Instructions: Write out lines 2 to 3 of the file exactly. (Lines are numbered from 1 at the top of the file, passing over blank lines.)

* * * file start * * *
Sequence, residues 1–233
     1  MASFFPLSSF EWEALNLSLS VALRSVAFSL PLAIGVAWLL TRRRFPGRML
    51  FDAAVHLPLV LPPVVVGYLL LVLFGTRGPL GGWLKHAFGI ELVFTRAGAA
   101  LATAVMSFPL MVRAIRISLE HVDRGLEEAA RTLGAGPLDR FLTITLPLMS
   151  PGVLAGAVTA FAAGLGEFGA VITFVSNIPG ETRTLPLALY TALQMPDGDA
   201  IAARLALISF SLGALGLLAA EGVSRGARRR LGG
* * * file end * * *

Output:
     1  MASFFPLSSF EWEALNLSLS VALRSVAFSL PLAIGVAWLL TRRRFPGRML
    51  FDAAVHLPLV LPPVVVGYLL LVLFGTRGPL GGWLKHAFGI ELVFTRAGAA